Dehydrated hereditary stomatocytosis (DHS), also known as hereditary xerocytosis, is an autosomal dominant hemolytic anemia characterized by primary erythrocyte dehydration. DHS erythrocytes exhibit decreased total cation and potassium content that are not accompanied by a proportional net gain of sodium and water. DHS patients typically exhibit mild to moderate compensated hemolytic anemia, with an increased erythrocyte mean corpuscular hemoglobin concentration and a decreased osmotic fragility, both of which reflect cellular dehydration (summary by Zarychanski et al., 2012). Patients may also show perinatal edema and pseudohyperkalemia due to loss of K+ from red cells stored at room temperature. A minor proportion of red cells appear as stomatocytes on blood films. Complications such as splenomegaly and cholelithiasis, resulting from increased red cell trapping in the spleen and elevated bilirubin levels, respectively, may occur. The course of DHS is frequently associated with iron overload, which may lead to hepatosiderosis (summary by Albuisson et al., 2013).Dehydrated red blood cells, including those from hereditary xerocytosis patients, show delayed infection rates to Plasmodium in vitro, suggesting a potential protective mechanism against malaria (Tiffert et al., 2005). A polymorphism in PIEZO1 that is enriched in populations of African descent and results in xerocytosis conferred resistance to Plasmodium infection in vitro (see {611184.0016}).The 'leaky red blood cells' in familial pseudohyperkalemia show a temperature-dependent loss of potassium when stored at room temperature, manifesting as apparent hyperkalemia. The red blood cells show a reduced life span in vivo, but there is no frank hemolysis. Studies of cation content and transport show a marginal increase in permeability at 37 degrees C and a degree of cellular dehydration, qualitatively similar to the changes seen in dehydrated hereditary stomatocytosis. Physiologic studies show that the passive leak of potassium has an abnormal temperature dependence, such that the leak is less sensitive to temperature than that in normal cells (summary by Iolascon et al., 1999).Carella et al. (2004) noted that 3 clinical forms of pseudohyperkalemia unassociated with hematologic manifestations, based predominantly on the leak-temperature dependence curve, had been reported: (1) pseudohyperkalemia Edinburgh, in which the curve has a shallow slope; (2) pseudohyperkalemia Chiswick or Falkirk (see {609153}), in which the curve is shouldered; and (3) pseudohyperkalemia Cardiff (see {609153}), in which the temperature dependence of the leak shows a 'U-shaped' profile with a minimum at 23 degrees C. Gore et al. (2004) stated that potassium-flux temperature profiles are consistent both from year to year in an individual as well as consistent within affected members of a pedigree. Genetic Heterogeneity of Hereditary StomatocytosisDehydrated hereditary stomatocytosis-2 (DHS2 ) is caused by mutation in the KCNN4 gene (OMIM ) on chromosome 19q13. Another form of stomatocytosis, involving familial pseudohyperkalemia with minimal hematologic abnormalities (PSHK2 ), is caused by mutation in the ABCB6 gene (OMIM ) on chromosome 2q35. Cryohydrocytosis (CHC ) is caused by mutation in the SLC4A1 gene (OMIM ) on chromosome 17q21, and stomatin-deficient cryohydrocytosis with neurologic defects (SDCHCN ) is caused by mutation in the SLC2A1 gene (OMIM ) on chromosome 1p34. An overhydrated form of hereditary stomatocytosis (OHST ) is caused by mutation in the RHAG gene (OMIM ) on chromosome 6p12.See {137280} for a discussion of the association of familial stomatocytosis and hypertrophic gastritis in the dog, an autosomal recessive syndrome. ReviewsDelaunay (2004) reviewed genetic disorders of red cell membrane permeability to monovalent cations, noting 'inevitable' overlap between entities based on clinical phenotype.Bruce (2009) provided a review of hereditary stomatocytosis and cation-leaky red cells, stating that consistent features include hemolytic anemia, a monovalent cation leak, and changes in red cell morphology that appear to follow a continuum, from normal discocyte to stomatocyte to echinocyte in DHS, and from discocyte to stomatocyte to spherocyte to fragmentation in OHST. Bruce (2009) suggested that the underlying pathologic mechanism might involve misfolded mutant proteins that escape the quality control system of the cell and reach the red cell membrane, where they disrupt the red cell membrane structure and cause a cation leak that alters the hydration of the red cell, thereby changing the morphology and viability of the cell.King and Zanella (2013) provided an overview of 2 groups of nonimmune hereditary red cell membrane disorders caused by defects in membrane proteins located in distinct layers of the red cell membrane: red cell cytoskeleton disorders, including hereditary spherocytosis (see {182900}), hereditary elliptocytosis (see {611804}), and hereditary pyropoikilocytosis (OMIM ); and cation permeability disorders of the red cell membrane, or hereditary stomatocytoses, including DHS, OHST, CHC, and PSHK. The authors noted that because there is no specific screening test for the hereditary stomatocytoses, a preliminary diagnosis is based on the presence of a compensated hemolytic anemia, macrocytosis, and a temperature- or time-dependent pseudohyperkalemia in some patients. King et al. (2015) reported the International Council for Standardization in Haematology (ICSH) guidelines for laboratory diagnosis of nonimmune hereditary red cell membrane disorders.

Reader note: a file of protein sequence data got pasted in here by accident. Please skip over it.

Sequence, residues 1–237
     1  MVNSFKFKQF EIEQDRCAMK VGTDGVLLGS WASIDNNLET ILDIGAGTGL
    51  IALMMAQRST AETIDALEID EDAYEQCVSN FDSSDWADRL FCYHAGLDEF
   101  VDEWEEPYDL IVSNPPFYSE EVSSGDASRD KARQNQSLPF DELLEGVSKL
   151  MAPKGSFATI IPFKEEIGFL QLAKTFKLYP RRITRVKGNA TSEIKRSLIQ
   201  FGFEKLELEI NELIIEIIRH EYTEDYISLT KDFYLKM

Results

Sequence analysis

DEHYDRATED HEREDITARY STOMATOCYTOSIS 1 WITH OR WITHOUT PSEUDOHYPERKALEMIA AND/OR PERINATAL EDEMA; DHS1 Is also known as pseudohyperkalemia, familial, 1, due to red cell leak|pshk1|dhs|dehydrated hereditary stomatocytosis|xerocytosis, hereditary|desiccytosis, hereditary|pseudohyperkalemia edinburgh